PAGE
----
Elliot Madore


Elliot Madore


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“Elliot Madore, the baritone soloist, was strikingly warm and sonorous…and impressive in his ability to work falsetto and chest voice, the high and low extremes of his voice, into a single convincing line.”

Anne Midgette, The Washington Post

“The confrontation with the stone guest also put the cap on a splendidly credible performance of the title role by the Canadian baritone Elliot Madore, who looks the part, magnificently so in his final defiance, and who sang throughout with considerable style and nuance.”

Martin Kettle, The Guardian


Canadian Grammy® Award-winning baritone, Elliot Madore has established himself as one of the most sought after, accomplished singers of his generation, enthralling audiences around the world with his “robust singing and take-no-prisoners acting” (The New York Times), “exquisite vocal beauty” (Opera News) and “movie star good looks” (Merkur).

At just 34, Madore’s career spans the past decade, singing in major opera companies and orchestras throughout Europe, the United States and Canada.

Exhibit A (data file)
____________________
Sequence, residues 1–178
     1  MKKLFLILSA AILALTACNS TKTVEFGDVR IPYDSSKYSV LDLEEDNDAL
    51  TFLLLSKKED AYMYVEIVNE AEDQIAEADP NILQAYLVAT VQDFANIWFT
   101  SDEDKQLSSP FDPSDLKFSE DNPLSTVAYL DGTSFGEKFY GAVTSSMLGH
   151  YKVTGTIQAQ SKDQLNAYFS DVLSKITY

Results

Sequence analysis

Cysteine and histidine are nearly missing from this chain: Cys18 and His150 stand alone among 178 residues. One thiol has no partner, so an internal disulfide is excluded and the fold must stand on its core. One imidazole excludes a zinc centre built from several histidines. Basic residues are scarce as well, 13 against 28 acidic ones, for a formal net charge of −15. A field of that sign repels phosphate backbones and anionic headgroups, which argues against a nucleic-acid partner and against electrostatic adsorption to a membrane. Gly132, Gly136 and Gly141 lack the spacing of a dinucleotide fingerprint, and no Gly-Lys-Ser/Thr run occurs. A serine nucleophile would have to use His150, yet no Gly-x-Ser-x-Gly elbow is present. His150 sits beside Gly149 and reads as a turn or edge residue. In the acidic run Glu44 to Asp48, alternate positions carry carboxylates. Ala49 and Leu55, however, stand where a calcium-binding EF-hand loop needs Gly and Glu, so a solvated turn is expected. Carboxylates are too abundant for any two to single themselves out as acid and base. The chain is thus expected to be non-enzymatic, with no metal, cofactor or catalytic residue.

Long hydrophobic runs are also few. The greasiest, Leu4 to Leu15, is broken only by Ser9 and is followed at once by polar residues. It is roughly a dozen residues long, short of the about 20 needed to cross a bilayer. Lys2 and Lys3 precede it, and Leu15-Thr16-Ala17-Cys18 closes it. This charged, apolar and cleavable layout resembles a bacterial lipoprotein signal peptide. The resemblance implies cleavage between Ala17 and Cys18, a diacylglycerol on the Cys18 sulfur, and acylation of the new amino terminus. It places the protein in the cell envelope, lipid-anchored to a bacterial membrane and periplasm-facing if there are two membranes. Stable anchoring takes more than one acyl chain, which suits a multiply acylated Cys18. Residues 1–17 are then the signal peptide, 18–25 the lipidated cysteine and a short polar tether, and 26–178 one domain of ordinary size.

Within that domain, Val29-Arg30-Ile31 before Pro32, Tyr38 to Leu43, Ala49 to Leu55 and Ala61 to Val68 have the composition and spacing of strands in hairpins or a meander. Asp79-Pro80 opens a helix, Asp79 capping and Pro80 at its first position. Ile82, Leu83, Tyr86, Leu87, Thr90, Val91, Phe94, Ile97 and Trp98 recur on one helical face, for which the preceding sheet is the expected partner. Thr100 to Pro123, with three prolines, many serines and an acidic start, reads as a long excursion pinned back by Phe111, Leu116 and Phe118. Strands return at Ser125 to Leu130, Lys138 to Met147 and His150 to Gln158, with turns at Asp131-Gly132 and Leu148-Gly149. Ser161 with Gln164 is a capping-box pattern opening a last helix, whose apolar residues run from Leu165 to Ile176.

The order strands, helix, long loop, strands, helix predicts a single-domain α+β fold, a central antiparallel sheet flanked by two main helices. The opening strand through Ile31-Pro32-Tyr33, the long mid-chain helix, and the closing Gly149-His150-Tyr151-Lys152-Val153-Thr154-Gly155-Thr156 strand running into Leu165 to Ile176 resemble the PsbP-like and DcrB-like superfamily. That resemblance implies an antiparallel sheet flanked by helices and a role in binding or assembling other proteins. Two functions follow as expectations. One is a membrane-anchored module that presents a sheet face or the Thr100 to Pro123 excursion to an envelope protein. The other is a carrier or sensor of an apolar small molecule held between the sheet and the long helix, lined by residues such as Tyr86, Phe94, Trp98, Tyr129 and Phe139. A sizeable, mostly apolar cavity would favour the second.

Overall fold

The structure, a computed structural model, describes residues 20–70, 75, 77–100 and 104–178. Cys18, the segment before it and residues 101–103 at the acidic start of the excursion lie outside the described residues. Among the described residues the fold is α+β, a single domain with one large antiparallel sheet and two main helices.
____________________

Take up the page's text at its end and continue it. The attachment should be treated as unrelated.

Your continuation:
Batter my heart - John Adams

Elliot Madore, Piano: Rachel Andrist

Largo al factotum della città - Gioachino Rossini

Elliot Madore, Mozarteumorchester Salzburg

“The casting of the title role is pivotal in any Don Giovanni production. Elliot Madore meets the challenge with a riveting portrayal, buttressed by strong vocalism. Conniving and slightly mad, this Don craved seduction. Even when he was not singing, he seized attention, so potent was Madore’s theatricality. His sizable baritone could sound robust in the Champagne aria or mellifluous in a softly gentle “Deh vieni la finestra.” This Don was a formidable adversary, almost frightening in his refusal to repent in defiance of the abyss that awaited him.”

Lawrence Budmen / South Florida Classical Review

“Elliot Madore, a Canadian baritone in only his third appearance at the Met, is a swashbuckling Figaro, vocally and physically assured in a role he seems tailored for. Needing a shave himself, he races through a rapid-fire “Largo al factotum” (“Calling a barber in Seville” in English) with confidence.”

Wilborn Hampton, Huffington Post